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Pictured: lifesaving

Being an argumentative sort of person, every once in a while* I find myself getting into a spot of witty repartee. It usually happens on twitter, the land of the 140-character he-said/she-said/THE-GOVERNMENT-IS-OUT-TO-GET-YOU banter, but occasionally I find myself getting into arguments in other places online, or even in real life.

Arguing on twitter is basically my life

Often these arguments are over the subject of vaccines. Because whilst vaccines have been accepted by public health organisations the world over as the most important medical innovation of the 20th century, and one of the most lifesaving interventions that we’ve ever come up with, there is a small minority of people who are convinced that vaccines are bad for their child’s health.

A small, very vocal, minority.

Now, I’m not here to criticize parents. It’s very important to note that most parents want the best for their kids. They are trying to look out for their children, and occasionally in this pursuit they get misled. And make no mistake, the people who sell vaccine fear are professionals in the art of deception. They know exactly how to convince a worried parent that the most dangerous thing in the world for their child is the vaccine, rather than, say, the measles.

It’s not the parents who are spreading vaccine denial. They are victims of professionals. If you are a parent who is worried about vaccination: don’t stress. You are a good parent. You have just been lied to. Have a read of this article, and maybe go have a chat with your doctor about why immunization is important and why it’s a good thing for your kids.

Whenever you talk vaccines, the anti-vax professionals come up with the same arguments time and again. Here are my top 8, and why they make no sense whatsoever:

8Vaccines Cause Autism. I’m not really going to go into this, because it has been refuted time and again. Virtually every study involving a) humans, b) more than 10 participants, and c) researchers who haven’t been convicted of fraud, has shown that there is no link between vaccines and autism. It was a valid concern in the early 90s, but we have 30 years of evidence showing that autism is in no way linked to vaccines.


7There Hasn’t Been Much Research. This is always a bit of a weird one, because people are usually claiming that on the one hand there hasn’t been enough research done on vaccines to prove them safe, but on the other they know the truth because they’ve done their research and it shows vaccines to be basically poison.

It’s a strange argument to make, but it comes up all the time.

This is simply a lie told by vaccine-deniers to make parents scared. Vaccines are one of the most well-researched interventions of all time. We have data from literally millions of children across the world demonstrating their safety. There has been more research on vaccines than almost any other medical intervention.

The research has been done. Time and again. Vaccines are safe and effective.

6Vaccines Are Enormously Profitable. This is also a weird one, because…so what? So are any number of things. The international flour market is gigantic, but that doesn’t make every bread advert a missive from the devil. Flour millers have actually been influential in protecting babies worldwide by fortifying their products with macronutrients and preventing neural tube defects.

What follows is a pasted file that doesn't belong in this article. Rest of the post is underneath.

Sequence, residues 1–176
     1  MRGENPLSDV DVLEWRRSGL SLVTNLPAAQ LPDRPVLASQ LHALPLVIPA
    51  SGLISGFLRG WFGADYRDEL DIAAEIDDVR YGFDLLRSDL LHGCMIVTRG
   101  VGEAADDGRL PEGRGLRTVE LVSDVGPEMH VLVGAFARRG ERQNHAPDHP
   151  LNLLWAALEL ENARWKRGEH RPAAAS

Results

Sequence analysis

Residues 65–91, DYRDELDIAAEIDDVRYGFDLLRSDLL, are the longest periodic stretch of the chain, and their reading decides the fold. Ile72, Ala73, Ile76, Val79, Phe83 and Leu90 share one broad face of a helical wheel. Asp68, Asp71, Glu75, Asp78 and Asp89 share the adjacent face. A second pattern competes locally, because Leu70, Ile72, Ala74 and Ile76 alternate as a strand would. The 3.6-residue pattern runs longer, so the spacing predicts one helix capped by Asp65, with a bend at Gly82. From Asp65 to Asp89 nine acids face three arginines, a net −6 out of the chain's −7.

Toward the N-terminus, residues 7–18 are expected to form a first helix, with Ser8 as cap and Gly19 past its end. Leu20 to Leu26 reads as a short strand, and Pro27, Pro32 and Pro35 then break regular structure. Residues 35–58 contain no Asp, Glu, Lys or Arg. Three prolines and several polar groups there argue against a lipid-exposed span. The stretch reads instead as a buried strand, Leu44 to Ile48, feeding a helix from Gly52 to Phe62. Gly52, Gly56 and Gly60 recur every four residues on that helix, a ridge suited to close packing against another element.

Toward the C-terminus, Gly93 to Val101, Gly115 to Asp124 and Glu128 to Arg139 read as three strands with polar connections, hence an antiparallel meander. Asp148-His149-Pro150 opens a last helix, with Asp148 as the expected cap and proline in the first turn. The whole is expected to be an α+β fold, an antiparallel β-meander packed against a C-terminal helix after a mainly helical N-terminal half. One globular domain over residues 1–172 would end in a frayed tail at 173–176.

Pictured: tasty. Probably not sent by Lucifer

It’s also untrue. Pharma companies make far more money from so-called ‘blockbuster’ drugs than vaccines — for example, Astrazeneca’s Nexium, despite being no more effective than cheaper options for gastrointestinal problems, has made them more than $50 billion. The yearly earnings have been somewhere between 2 and 5 times as much as the flu vaccine. In fact, if you look at the top 20 earners for pharma companies, not one of them is a vaccine.

Pictured: pricey

4The CDC Is Lying. This is one of my favourite red herrings, because it is just so easy to disprove. Whenever someone brings up the CDC, my response is…so what? Let’s say the CDC is evil, awful, in the pocket of Big Pharma. It’s not — the people who work at the CDC are dedicated, honest, and usually incredibly good at public health — but for the sake of argument, let’s say the CDC is corrupt.

Who cares?

People who focus on the CDC ignore one glaring truth: the US isn’t the only country in the world. If the CDC is corrupt, what about every other public health organisation in the world that recommends vaccines. Australia. France. The UK. Japan. China. The list goes on. Forget about the CDC. Have a look at the Australian Department of Health on vaccines.

Or the Japanese immunization schedule. Or one of hundreds of other countries that all choose to vaccinate. Either there’s a global conspiracy including countries that are literally at war with one another — a bit unlikely — or immunization is a good thing no matter what you think of the CDC.

I was going to make a dick joke, but their page on sexual health is actually really good and dick jokes are pretty hard.

3The US Is Special. This is another one that I love, because it’s so easily disprovable. No, the US doesn’t give a uniquely high number of immunizations. Much of the OECD has a virtually identical vaccine schedule to the US, bar a few minor differences.

The US also has significantly less punitive laws in terms of vaccination than other countries — for example, in France you can go to jail for failing to vaccinate your kids.

So no. The US isn’t special. It’s just another country, trying to stop nasty diseases like polio, diptheria and measles from killing children.